“Earth is Forgiveness School”–Anne Lamott

Our class sessions on Professors & Persistence got me thinking about the role of forgiveness in the classroom, particularly inspired by writer Anne Lamott‘s essay on “shitty first drafts.” In this essay, Lamott gives writers permission to write badly, at first. Along with this come the notion that first drafts are supposed to be shitty and to forgive yourself for not being perfect.

I’ve been thinking a lot about this in relation to modes of assessment. Many (most!) classes are geared toward particular moments of assessment (midterm, final exam, final paper, etc.). There is a lot of pressure for students to be perfect at these moments. If you think the difference between an A- and a B+ might mean you don’t get accepted to the grad school you want to attend, these moments of assessment carry an even greater weight.

And yet I like to think of assessment also as a chance for forgiveness. I want to help students look at assessment tasks as an opportunity not just to see what they did well or could have done differently, but also to assess their preparation/performance and acknowledge their effort, large or small. This (hopefully) inevitably involves accepting what one did wrong and forgiving oneself for this.

Forgiveness is a moment of learning. In the act of forgiving, we must assess the situation and acknowledge our part in its creation. To truly forgive involves a fair amount of metacognition.

I came across another essay by Anne Lamott yesterday that is full of wisdom. She writes briefly about shitty first drafts again, among other topics (family, publishing, success, etc.). The title of this blog post (“Earth is Forgiveness School“) comes from Lamott’s thoughts on family.

Ok, so how have I applied this to my pedagogy?

I try to design activities that combine multiple elements from our Futures class. In the example I am about to describe, I planned a way to turn a summative assessment task into a formative assessment activity and addressed the emotions/life circumstances of the student surrounding this. My least favorite part of teaching is having to return exams to students, because everyone one of us wants an A and we take our grades personally as if they represent an intrinsic truth about our worth (even if we just do this for a second). I wanted to find a way to make returning the midterm exam a productive learning moment for the class rather than just feeling like crap because some students got C’s or F’s.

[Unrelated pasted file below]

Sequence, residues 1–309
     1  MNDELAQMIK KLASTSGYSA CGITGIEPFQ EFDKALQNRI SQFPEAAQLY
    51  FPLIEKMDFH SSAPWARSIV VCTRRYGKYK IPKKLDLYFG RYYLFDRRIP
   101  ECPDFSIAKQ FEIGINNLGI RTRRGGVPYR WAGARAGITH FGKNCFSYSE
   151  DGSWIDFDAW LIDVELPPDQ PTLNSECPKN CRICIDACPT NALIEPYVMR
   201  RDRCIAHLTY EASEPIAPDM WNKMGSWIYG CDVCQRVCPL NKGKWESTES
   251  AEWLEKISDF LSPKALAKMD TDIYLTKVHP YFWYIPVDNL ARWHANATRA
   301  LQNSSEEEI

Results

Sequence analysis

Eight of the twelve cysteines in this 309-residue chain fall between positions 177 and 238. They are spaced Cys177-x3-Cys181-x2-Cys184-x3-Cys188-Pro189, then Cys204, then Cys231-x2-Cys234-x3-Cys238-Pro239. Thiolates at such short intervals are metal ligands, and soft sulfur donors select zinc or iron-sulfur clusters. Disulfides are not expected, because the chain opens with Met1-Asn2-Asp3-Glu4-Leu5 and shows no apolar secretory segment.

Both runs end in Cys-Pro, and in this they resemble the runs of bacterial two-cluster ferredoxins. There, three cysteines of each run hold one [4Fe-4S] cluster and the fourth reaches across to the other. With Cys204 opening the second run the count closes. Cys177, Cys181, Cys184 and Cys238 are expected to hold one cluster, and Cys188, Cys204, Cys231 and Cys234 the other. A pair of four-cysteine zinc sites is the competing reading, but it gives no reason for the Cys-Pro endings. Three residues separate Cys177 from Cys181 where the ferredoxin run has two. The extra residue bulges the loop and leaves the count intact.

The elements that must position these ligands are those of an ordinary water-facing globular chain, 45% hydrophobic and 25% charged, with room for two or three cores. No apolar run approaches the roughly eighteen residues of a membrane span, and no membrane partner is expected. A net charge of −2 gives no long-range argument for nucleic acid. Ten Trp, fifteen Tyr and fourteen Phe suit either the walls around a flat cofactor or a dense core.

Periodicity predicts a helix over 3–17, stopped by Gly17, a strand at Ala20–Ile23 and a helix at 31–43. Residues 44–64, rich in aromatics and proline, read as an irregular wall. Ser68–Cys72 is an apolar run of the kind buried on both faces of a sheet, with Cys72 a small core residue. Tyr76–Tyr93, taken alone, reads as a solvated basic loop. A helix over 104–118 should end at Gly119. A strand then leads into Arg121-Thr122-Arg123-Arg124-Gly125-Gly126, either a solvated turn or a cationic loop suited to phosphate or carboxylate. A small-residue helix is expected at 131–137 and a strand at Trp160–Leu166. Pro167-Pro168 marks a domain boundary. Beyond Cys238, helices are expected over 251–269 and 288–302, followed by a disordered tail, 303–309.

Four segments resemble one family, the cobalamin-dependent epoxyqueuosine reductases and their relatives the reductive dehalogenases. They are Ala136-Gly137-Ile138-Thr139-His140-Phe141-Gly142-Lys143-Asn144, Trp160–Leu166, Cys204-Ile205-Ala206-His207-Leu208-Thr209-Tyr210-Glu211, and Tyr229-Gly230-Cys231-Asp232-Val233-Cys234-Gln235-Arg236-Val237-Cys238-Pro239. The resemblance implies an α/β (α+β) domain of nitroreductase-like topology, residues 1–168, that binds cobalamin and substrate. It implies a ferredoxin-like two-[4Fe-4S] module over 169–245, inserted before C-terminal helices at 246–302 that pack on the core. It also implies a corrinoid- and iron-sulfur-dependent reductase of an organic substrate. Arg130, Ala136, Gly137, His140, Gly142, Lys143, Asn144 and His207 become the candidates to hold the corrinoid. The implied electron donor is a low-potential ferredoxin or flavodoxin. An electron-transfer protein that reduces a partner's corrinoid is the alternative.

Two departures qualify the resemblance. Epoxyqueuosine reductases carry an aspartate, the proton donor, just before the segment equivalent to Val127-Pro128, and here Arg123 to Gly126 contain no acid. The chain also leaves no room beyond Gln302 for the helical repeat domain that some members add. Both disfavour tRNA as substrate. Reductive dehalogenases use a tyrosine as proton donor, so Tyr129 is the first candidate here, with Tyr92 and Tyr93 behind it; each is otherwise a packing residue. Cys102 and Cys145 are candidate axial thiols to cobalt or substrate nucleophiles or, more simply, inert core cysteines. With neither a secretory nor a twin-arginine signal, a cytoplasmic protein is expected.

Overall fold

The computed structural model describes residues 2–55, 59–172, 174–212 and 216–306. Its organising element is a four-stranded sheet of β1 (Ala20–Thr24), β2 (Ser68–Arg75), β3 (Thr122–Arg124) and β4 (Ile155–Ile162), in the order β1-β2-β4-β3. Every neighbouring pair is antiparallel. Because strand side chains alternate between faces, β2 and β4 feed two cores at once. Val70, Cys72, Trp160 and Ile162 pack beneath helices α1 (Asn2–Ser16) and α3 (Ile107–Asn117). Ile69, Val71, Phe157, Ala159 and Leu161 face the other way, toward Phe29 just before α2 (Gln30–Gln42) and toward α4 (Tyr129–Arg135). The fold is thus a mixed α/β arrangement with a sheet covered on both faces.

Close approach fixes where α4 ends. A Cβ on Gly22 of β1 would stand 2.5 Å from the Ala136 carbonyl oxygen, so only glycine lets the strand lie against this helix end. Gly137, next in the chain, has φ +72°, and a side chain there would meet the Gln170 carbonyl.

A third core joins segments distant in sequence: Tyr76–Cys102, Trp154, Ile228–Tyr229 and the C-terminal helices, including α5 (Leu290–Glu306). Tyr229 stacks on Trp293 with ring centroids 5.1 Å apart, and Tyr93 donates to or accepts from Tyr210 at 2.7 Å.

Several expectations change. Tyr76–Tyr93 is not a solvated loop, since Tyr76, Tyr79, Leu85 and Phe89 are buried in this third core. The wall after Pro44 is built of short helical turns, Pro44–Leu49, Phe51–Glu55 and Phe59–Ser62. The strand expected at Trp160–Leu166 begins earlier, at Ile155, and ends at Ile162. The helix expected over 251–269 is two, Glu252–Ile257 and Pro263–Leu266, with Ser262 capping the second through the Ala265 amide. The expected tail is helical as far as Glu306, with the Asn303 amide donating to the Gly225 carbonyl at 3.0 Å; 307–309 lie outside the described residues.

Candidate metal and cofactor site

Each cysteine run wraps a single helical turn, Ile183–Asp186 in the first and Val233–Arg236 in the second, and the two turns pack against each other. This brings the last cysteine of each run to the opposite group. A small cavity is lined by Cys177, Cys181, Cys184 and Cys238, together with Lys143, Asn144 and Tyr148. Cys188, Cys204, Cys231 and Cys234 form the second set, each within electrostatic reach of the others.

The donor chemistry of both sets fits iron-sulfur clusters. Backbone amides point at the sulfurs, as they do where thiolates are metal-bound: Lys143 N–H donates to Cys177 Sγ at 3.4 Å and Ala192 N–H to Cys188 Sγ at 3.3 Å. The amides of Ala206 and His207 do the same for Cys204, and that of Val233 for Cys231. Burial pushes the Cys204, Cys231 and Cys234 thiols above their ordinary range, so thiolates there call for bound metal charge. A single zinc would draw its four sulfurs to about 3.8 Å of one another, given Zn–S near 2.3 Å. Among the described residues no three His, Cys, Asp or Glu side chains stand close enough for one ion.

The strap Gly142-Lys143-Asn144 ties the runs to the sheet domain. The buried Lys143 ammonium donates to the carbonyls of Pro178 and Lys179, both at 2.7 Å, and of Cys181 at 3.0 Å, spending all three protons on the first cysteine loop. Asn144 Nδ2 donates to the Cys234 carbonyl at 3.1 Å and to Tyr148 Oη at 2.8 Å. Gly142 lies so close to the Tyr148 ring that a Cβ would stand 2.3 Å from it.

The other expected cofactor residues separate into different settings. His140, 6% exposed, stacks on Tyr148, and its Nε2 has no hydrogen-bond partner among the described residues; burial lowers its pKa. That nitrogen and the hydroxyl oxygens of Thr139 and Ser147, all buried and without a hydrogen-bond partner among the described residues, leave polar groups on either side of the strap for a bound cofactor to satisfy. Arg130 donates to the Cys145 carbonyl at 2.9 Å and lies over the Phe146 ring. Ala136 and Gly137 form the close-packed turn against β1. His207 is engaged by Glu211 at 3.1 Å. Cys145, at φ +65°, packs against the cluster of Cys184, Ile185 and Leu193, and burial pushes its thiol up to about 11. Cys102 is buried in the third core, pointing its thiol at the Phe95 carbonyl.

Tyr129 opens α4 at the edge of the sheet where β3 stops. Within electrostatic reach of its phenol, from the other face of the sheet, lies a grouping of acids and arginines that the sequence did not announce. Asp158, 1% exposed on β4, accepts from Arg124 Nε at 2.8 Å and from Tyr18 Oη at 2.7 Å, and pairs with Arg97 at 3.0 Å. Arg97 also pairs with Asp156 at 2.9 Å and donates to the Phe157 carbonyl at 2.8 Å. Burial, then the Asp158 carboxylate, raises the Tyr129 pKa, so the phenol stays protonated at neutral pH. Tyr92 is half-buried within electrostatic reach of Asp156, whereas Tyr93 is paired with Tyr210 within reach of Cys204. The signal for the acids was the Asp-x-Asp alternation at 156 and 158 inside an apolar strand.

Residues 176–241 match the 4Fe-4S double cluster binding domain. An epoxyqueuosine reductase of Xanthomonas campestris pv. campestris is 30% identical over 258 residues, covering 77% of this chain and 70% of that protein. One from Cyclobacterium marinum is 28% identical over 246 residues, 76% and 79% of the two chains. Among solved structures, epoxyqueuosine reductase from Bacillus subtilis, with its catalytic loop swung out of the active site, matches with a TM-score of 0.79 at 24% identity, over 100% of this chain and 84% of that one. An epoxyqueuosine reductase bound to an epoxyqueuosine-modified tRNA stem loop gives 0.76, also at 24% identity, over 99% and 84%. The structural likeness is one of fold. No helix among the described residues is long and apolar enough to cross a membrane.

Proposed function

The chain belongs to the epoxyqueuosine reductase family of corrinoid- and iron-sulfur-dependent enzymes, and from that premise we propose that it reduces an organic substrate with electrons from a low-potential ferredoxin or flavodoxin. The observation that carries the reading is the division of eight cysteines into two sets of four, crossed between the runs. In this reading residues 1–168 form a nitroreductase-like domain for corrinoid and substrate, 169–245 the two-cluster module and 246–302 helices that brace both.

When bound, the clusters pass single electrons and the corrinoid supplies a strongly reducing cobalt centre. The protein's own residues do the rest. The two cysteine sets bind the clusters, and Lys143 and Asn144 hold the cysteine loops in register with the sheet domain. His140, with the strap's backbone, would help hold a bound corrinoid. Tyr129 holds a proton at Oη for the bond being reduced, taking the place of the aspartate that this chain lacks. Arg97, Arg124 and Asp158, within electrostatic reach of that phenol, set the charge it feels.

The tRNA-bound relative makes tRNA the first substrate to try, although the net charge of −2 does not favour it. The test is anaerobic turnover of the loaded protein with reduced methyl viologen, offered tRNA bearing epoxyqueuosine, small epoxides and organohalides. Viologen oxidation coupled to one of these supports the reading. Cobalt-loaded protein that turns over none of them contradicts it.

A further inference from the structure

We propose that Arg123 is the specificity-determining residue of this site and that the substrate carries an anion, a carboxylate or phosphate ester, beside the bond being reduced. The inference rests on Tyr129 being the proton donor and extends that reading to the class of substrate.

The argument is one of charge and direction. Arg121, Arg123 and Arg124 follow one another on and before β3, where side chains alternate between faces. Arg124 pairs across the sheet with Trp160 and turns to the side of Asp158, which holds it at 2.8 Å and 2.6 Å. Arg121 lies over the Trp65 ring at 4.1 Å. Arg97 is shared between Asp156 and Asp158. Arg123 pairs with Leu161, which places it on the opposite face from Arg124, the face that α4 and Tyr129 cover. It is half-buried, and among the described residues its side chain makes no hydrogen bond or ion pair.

To alleviate my class’s focus on grades, we read parts of Lamott’s essay on shitty first drafts in relation to their short essays on the midterm. I explained to them that I did not think their essays were shitty, but that they were first drafts written in an artificial, timed environment. I then explained that I would be giving them the chance to revise and rewrite their lowest scoring answer. They were allowed to use the textbook in order to correct factual errors or find new evidence for their claims. Their revised version would become their next quiz grade. The gift was that simply by doing the act of rewriting, each student would get 100% on this quiz. This was a way of turning a high stakes assignment into a low stakes one, and summative into formative assessment.

Implicit in this was an eye toward encouraging students to forgive themselves for their lowest scoring essay. Many students ran out of time during the real exam or were having a bad day or did not prepare adequately. This was a chance for them to move beyond that and practice the skill of revising and rewriting. I think it also had the effect of demonstrating empathy for students by allowing them the chance to have a “do-over” and by showing them that writing is a process that is, quite frankly, never finished. As writers, we always want the chance to go back and tweak even after something has been published. While we don’t often get that chance, I believe it is something we can give our students. 


The Futures Initiative
The Graduate Center, CUNY
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New York, NY 10016-4309